by “Clear Dew” Ibuse

Lightning and thunder,
the rain is pouring down hard.
The birds are quiet.


          by “Clear Dew” Ibuse

Day after day, raun
comes down rushing to the drain.
It can’t ease the pain.

“Clear Dew” Ibuse is a poet of Japanese forms in English, especially the traditional haiku, which reached its height in the 17th -19th centuries.


          by “Wired Clues” Abe

A knock at the door,
two cool and fresh bubble tease:
it’s the wrong address.


          by “Wired Clues” Abe

Saturday morning,
at the drive-thru window spot:
pancakes and bacon.


          by “Wired Clues” Abe

After pouring rain,
beside the two-meter fence:
a rabbir eats grass.

“Wired Clues” Abe is a NewMillennial haiku poet.


The Green Old Deal
          by Iliac Burweeds

He had been gardening, and he was ready for a rest.
He went inside into the house; the bedroom was his quest.
He shed his overalls and thought to lay back on the bed.
Those pillows were inviting to his heat-oppressèd head.
Instead, however, he paused right there at the mattress edge,
and meditated on dianthus, roses and the hedge.
He fell into deep thought—o, yeah—and started rising high,
as if his spirit—o, to hear it—rose up to the sky.
Some demon grabbed his body, just to keep him on the Earth;
and yet he started flying upward –thoroughly ungirthed.
This devil, then, attempted to bribe him with jewelry,
but he refused to buy it, and its dreams of revelry…
“Release my soul,” he cried aloud. “Let me reach heaven’s door.”
Yet he collapsed. O, yes, he lapsed. Then dropped down to the floor.

Ileac Burweeds is a poet of plants and gardening.


Before Eternity
          by Sri Wele Cebuda

He got into the lotus pose upon the gray divan,
his clothes were black and white, and he still had his black shoes on.
O, but he didn’t care; he was in search of the divine.
He stretched his legs out, knees and thighs, and raised his head and
He closed his eyes, and opened up his inner eye, and dreamed.
Perhaps some god could come to him, and he could be redeemed.
Or maybe in that set position he could come to see
the lack of personality en route to ecstasy.
And then he looked down where he sat at what seemed, yes, to be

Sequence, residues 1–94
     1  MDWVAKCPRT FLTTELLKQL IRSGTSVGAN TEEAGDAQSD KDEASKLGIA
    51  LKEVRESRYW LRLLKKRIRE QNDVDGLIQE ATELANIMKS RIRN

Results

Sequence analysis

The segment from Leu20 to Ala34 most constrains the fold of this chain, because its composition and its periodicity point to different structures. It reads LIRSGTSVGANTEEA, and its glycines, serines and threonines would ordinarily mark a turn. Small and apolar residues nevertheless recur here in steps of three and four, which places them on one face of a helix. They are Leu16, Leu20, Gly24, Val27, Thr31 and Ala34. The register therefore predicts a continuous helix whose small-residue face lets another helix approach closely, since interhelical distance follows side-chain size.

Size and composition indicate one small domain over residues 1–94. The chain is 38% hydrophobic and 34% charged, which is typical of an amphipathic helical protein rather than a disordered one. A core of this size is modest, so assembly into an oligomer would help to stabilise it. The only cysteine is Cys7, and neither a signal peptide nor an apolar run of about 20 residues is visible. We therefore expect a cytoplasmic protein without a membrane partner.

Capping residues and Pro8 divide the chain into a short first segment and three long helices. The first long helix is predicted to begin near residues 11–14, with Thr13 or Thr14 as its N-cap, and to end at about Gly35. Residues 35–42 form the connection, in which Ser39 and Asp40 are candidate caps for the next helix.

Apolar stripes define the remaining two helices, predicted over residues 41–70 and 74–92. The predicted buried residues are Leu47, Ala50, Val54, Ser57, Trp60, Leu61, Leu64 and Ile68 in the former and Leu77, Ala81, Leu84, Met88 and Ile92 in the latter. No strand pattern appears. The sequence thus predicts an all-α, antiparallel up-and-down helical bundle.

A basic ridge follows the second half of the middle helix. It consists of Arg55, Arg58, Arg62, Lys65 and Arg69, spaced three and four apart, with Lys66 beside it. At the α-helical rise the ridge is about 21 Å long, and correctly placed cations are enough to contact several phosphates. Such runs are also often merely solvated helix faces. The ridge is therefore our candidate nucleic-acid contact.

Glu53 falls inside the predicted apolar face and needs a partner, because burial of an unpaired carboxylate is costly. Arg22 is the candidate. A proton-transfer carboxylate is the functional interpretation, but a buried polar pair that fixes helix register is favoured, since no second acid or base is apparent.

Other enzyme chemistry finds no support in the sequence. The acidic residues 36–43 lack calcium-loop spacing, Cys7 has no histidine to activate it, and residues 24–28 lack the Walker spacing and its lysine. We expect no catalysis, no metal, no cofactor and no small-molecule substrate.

a beautiful door cracked / before him / vast eternity


In an Asana Pose
          by Sri Wele Cebuda

He got in an asana pose upon the black divan.
He longed to reach sweet inner peace, to be a tranquil man.
He gazed in awe at what he saw—a picture on the wall.
It was abstract and big; but it was not so beautiful.
Nearby the drapes were close-d; but further on were wide apart.
He started thinking of his past. He did not think of art.
He heard his tennis shoes upon the black-top go clop-clop;
He was out running in the morning; five miles all nonstop.
Clop-clop, clop-clop, he heard that plop up-down, up-down the hills;
his breathing hard, the fresh air sharp, past houses, plants and fields.
How odd it was he thought of that while being still right here.
Where was he going to he wondered. What would time reveal?

Sri Wele Cebuda is a poet of India and yoga. Although more than 300,000 deaths have been reported in India so far, some say the number of deaths may be as high as 1,500,000.


Kasym Kasenov
          by Alibec Rusedew

Kasym Kasenov was a poet born in Kazakhstan,
in 1918 when the soviets criss-crossed the land.
On graduation, he was sent, in 1939,
to military intel, until 1941.
USSR embroiled in war, off to the southwest front,
Ukraine, Romania, Moldova—there—Was he a grunt?
From death’s jaws he’d escaped, o,, that clandestine partisan,
that man in back o’ th’ enemy, that hidden veteran,
who though unknown upon the World stage, as such, perforce,
still left behind in people’s minds a page from Dnepr’s course.

Alisec Rusedew is a poet of Kazakhstan. The last film that caused him to cry was the 2013 film “Kasym”. This tennos alludes to of his poems. Kazakhstan is a nation of approximately 18,000,000.


Hamas has thanked Iran for all the missiles it deployed
to help attack the people it is hell-bound to destroy.


A journalist was pulled off of an airplane jet in Minsk.
Roman Protasevich did not assess the re-al risk.
Yes, now it seems, air piracy occurs in Belarus;
the Ryanair jet was diverted/forced to land—at once!
If one thinks the election stolen, they could be abused.
the dissident’s in prison now. Did Lukashenko lose?


the premier and the president of Mali have resigned,
now that take-over by the military is aligned.


Maintaining His Indifference
          by Dicase Lebweru
          “It was a very special moment to be so close to hell.”
              —Carsten Peter

It was a lovely day; the Sun was shining through the drapes;
and though he was a bit on edge, he was filled up with praise.
One saw the city’s tree-lined streets stream by below the flat;
activity there was in flux down from where he was at.